Companies who need employees with highly specialized skills may struggle more than others when dealing with the crush of resumes that can come from a single job posting on a traditional message board. Having to filter through all of those resumes — most of them from unqualified or under-qualified applicants — is simply unproductive. As they say, if you do what you’ve always done, you’ll get what you’ve always gotten. So to avoid “getting what you’ve always gotten,” take a page from a couple of companies who are getting creative with their recruiting.

Find talent early

According to a report put together by the president’s team of scientific advisors, the U.S. will be facing a shortage of 1 million science, technology, engineering, and mathematics graduates over the next decade. That means companies like Accenture, whose consultancy business relies heavily on people with an ability to work with algorithms, are going to need to identify talent early.

That’s why the company is launching a mentorship program for first- and second-year undergraduate students in the science, engineering, and math fields. The program pairs students with senior executives to offer career guidance and a chance to network with Accenture managers.

Accenture is working with 35 universities around the world, and students accepted into the program will attend two workshops a year and collaborate on a project with others in the program.

Clearly, this is a win for the students. They get direction and the opportunity to build relationships when many of their peers are socializing. But this is also a win for Accenture: by establishing a relationship with talent before it even becomes available means that Accenture now has a pipeline of talent that it can use to feed its business.

Challenge potential employees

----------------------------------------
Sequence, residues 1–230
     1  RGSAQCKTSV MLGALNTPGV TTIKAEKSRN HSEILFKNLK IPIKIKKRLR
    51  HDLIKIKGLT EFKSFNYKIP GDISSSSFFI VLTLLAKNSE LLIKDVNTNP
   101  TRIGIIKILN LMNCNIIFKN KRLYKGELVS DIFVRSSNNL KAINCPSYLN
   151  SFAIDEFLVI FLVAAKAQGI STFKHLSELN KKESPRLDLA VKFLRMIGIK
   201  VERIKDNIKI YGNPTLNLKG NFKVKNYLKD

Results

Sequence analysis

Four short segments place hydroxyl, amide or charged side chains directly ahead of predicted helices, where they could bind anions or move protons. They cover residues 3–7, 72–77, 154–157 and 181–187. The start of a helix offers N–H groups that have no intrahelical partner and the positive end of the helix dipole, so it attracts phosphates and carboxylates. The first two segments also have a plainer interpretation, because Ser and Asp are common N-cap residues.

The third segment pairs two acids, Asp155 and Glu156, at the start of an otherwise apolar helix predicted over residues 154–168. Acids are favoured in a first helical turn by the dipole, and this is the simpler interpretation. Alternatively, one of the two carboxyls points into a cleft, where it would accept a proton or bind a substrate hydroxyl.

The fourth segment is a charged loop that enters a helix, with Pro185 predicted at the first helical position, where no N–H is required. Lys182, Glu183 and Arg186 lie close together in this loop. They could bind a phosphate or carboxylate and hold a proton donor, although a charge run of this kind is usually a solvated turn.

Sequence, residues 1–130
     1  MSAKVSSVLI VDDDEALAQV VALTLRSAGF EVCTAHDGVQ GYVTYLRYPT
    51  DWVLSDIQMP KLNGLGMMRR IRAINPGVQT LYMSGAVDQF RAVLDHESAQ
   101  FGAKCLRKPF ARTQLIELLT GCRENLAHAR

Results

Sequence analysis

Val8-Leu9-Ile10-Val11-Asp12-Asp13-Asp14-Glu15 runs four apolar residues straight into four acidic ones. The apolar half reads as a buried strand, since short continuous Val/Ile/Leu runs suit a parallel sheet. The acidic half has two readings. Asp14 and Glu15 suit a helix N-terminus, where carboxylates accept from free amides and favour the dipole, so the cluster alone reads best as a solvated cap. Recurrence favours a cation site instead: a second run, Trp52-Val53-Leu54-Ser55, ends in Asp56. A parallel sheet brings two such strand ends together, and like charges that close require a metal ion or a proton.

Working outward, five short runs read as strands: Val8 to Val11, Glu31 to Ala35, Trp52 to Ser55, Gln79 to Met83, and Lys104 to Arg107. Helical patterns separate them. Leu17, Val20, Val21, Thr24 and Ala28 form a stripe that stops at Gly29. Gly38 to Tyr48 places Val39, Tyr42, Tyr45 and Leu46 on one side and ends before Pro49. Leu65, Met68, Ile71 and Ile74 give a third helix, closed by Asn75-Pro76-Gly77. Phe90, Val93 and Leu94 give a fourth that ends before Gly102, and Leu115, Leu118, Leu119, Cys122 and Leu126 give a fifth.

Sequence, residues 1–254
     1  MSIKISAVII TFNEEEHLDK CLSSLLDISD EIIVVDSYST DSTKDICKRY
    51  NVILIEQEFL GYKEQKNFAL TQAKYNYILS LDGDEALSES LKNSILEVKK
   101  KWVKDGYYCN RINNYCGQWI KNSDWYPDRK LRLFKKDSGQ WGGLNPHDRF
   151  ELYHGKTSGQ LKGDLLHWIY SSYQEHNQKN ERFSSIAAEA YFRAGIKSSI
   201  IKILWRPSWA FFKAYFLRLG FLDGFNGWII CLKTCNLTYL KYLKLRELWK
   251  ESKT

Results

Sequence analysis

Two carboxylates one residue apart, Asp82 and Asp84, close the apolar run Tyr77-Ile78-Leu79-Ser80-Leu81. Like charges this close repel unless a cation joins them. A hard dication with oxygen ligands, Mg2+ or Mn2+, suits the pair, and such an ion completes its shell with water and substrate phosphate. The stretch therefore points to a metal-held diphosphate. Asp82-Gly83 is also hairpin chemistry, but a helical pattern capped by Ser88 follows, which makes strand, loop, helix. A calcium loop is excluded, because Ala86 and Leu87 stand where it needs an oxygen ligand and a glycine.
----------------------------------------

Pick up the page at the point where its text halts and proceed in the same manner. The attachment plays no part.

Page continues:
For tech companies, especially Silicon Valley startups, it can be tough to attract great talent. Not only are these types of employees hard to find, these companies are battling the pull of giants like Google and Facebook. To compete, two firms took advantage of the natural curiosity of programmers and engineers.

SeatGeek, an event-ticket search engine, was fighting what it called a “signal-to-noise” problem regarding job applications. For every one job, they would receive hundreds of applications, many of which were from under-qualified applicants. To narrow down the serious and qualified applicants, SeatGeek created a challenge: to apply, job seekers had to hack into the backend of the company’s web site to submit their resume.

The company was looking for people curious and smart and reasoned that anyone who could solve its three-part puzzle was both. The challenge, started in 2010, was so successful that the company started requiring anyone applying for a programming position to hack into the site to submit a resume.

Another tech company, Quixey, also used a challenge to attract talented recruits. Engineers were asked to solve a fairly simple programming bug in less than 60 seconds. Those who were successful won $100 and were invited to interview.

While site hacking and mentorship programs may not be in line with your own company’s recruitment needs, you should still take away from these examples how you can use creativity to address your company’s specific hiring pain points. What kind of creative recruitment practices can you put into place today to start really targeting the kind of talent that you want working for you?

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